A-4. FINLAND Finnish weapon technology introduces a 7.62-mm x 51 sniper rifle that is equipped with an integral barrel/silencer assembly. It is a bolt-action, 5-round box, magazine-fed weapon with a nonreflective plastic stock and a standard adjustable biped. Through the use of adaptors, any telescopic or electrooptical sight may be mounted. The weapon is not equipped with metallic sights. The 7.62-mm Vaime SSR-1 (silenced sniper rifle) weighs 9.03 pounds and is 46.45 inches long. A-5. FRANCE French sniper weapons consist of the FR-F1 and FR-F2. a. FR-F1. The FR-F1 sniping rifle, known as the Tireur d'Elite, is a manually boltoperated, 10-round detachable box, magazine-fed, 7.62-mm x 51 or 7.5-mm x 54 weapon. The length of the stock may be adjusted with the butt-spacer plates. This weapon's sighting system consists of the Model 53 bis 4-power telescopic sight and integral metallic sights with luminous spots for night firing. It weighs 11.9 pounds, has a barrel length of 21.7 inches, and a total length of 44.8 inches. This weapon has a muzzle velocity of 2,794 fps and a maximum effective range of 800 meters. Standard equipment features a permanently affixed biped whose legs may be folded forward into recesses in the fore-end of the weapon. b. FR-F2. The FR-F2 sniping rifle is an updated version of the F1. Dimensions and operating characteristics remain unchanged; however, functional improvements have been made. A heavy-duty biped has been mounted more toward the butt-end of the rifle, adding ease of adjustment for the firer. Also, the major change is the addition of a thick, plastic thermal sleeve around and along the length of the barrel. This addition eliminates or reduces barrel mirage and heat signature. It is also chambered for 7.62-mm x 51 NATO ammunition. A-6. GERMANY The FRG has three weapons designed mainly for sniping the Model SP66 Mauser, WA 2000 Walther, and Heckler and Koch PSG-1. a. Model SP66 Mauser. The SP66 is not only used by the Germans but also by about 12 other countries. This weapon is a heavy-barreled, manually bolt-operated weapon built upon a Mauser short-action. Its 26.8-inch barrel, completely adjustable thumbhole-type stock, and optical telescopic sight provide a goodquality target rifle. The weapon has a 3-round internal magazine fitted for 7.62mm x 51 ammunition and a Zeiss-Diavari ZA 1.5-6-variable power x 42-mm zoom telescopic sight. The muzzle of the weapon is equipped with a flash suppressor and muzzle brake. b. WA 2000 Walther. The WA 2000 is built specifically for sniping. The entire weapon is built around the 25.6-inch barrel; it is 35.6 inches long. This uniquely designed weapon is chambered for .300 Winchester Magnum, but it can be equipped to accommodate 7.62-mm x 51 NATO or 7.5-mm x 55 Swiss calibers. It is a gas-operated, 6-round box, magazine-fed weapon, and it weighs 18.3 pounds. The weapon's trigger is a single- or two-staged type, and its optics consist of a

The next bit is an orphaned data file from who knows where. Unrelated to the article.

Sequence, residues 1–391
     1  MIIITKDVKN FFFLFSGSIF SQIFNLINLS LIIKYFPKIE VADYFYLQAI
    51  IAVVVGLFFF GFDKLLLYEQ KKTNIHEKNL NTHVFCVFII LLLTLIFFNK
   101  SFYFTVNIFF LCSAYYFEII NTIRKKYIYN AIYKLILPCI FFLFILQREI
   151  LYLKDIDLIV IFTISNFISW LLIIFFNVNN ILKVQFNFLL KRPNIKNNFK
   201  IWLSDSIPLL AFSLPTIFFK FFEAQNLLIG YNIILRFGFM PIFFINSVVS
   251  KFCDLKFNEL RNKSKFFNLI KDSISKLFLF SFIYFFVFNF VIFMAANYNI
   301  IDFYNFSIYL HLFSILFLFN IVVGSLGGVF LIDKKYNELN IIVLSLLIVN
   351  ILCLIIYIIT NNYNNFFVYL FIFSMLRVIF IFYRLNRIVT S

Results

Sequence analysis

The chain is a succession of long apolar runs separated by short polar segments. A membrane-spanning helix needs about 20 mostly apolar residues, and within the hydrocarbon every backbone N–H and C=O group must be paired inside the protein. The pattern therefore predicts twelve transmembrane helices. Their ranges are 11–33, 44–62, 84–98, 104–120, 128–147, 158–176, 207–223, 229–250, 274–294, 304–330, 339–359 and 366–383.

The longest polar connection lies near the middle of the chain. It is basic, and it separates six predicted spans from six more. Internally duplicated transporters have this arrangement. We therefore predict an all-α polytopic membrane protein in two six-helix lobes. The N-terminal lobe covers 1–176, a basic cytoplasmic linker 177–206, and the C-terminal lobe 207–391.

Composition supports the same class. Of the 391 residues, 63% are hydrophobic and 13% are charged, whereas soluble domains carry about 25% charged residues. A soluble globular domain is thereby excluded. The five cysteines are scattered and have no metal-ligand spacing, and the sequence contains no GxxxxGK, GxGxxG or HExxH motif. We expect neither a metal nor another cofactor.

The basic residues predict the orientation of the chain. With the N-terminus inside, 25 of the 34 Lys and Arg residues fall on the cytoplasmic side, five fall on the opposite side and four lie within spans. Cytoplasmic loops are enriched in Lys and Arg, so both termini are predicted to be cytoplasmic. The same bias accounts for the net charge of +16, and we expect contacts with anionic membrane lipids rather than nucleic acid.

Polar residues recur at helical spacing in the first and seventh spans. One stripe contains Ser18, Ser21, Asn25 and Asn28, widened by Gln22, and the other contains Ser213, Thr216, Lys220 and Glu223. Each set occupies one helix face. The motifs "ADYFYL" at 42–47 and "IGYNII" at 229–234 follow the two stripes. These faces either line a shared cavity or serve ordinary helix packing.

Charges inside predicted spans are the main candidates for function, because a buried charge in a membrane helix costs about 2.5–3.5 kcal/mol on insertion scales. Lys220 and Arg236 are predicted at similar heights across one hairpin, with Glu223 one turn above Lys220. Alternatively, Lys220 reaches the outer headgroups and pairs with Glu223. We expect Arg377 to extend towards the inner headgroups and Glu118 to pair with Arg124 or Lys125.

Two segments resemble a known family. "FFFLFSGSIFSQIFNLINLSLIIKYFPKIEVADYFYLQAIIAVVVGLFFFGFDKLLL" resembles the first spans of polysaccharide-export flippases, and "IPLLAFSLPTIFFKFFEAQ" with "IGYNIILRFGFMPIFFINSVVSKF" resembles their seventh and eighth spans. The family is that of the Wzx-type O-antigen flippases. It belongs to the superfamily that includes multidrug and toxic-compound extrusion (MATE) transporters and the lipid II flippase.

2.5-10-variable power x 56-mm telescope. It has range settings of 100 to 600 meters and can be dismounted and mounted without loss of zero. c. Heckler and Koch PSG-1. The PSG-1 is a gas-operated, 5- or 20-round, magazine-fed, semiautomatic weapon and is 47.5-inches long with a 25.6-inch barrel and has a fully adjustable, pistol-grip-style stock. Optics consist of a 6power x 42-mm telescopic sight with six settings for range from 100 to 600 meters. The 7.62-mm x 51 PSG-1 weighs 20.7 pounds with tripod and when fully loaded. The muzzle velocity is 2,558 to 2,624 fps. A-7. ISRAEL The Israelis copied the basic operational characteristics and configuration of the 7.62-mm Galil assault rifle and developed a weapon to meet the demands of sniping. The 7.62-mm x 51 Galil sniping rifle is a semiautomatic, gas-operated, 20-round bolt magazine-fed weapon. Like most service rifles modified for sniper use, the weapon is equipped with a heavier barrel fitted with a flash suppressor it can be equipped with a silencer that fires subsonic ammunition. The weapon features a pistol-grip-style stock, a fully adjustable cheekpiece, a rubber recoil pad, a two-stage trigger, and an adjustable biped mounted to the rear of the fore-end of the rifle. Its sighting system consists of a side-mounted 6-power x 40-mm telescope and fixed metallic sights. The weapon is 43.89-inches long with a 20-inch barrel without a flash suppressor and weighs 17.64 pounds with a biped, sling, telescope, and loaded magazine. When firing FN Match ammunition, the weapon has a muzzle velocity of 2,672 fps; when firing Ml18 special ball ammunition, it has a muzzle velocity of 2,557 fps. A-8. ITALY The Italian sniper rifle is the Berretta rifle. This rifle is a manually bolt-operated, 5-round box, magazine-fed weapon, and fires the 7.62-mm x 51 NATO rounds. Its 45.9-inch length consists of a 23-inch heavy, free-floated barrel, a wooden thumbhole-type stock with a rubber recoil pad, and an adjustable cheekpiece. Target-quality, metallic sights consist of a hooded front sight and a fully adjustable, V-notch rearsight. The optical sight consists of a Zeiss-Diavari-Z 1.5-power x 6-mm zoom telescope. The weapon weighs 15.8 pounds with biped and 13.75 pounds without the biped. The NATO telescope mount allows almost any electro-optical or optical sight to be mounted to the weapon. A-9. SPAIN The 7.62-mm C-75 special forces rifle is the current sniper rifle of Spain. This weapon uses a manually operated Mauser bolt-action. It is equipped with iron sights and has telescope mounts machined into the receiver to allow for the mounting of most electro-optic or optic sights. The weapon weighs 8.14 pounds. An experienced firer can deliver effective fire out to 1,500 meters using Match ammunition. A-10. SWITZERLAND The Swiss use the 7.62-mm x 51 NATO SG 51O-4SIG rifle with telescopic sight. The SG 510-4 is a delayed, blow-back-operated, 20round, magazine-fed, semiautomatic or fully automatic weapon. With biped, telescope, and A-4 FM 23-10 empty 20-round magazine, the weapon weighs 1229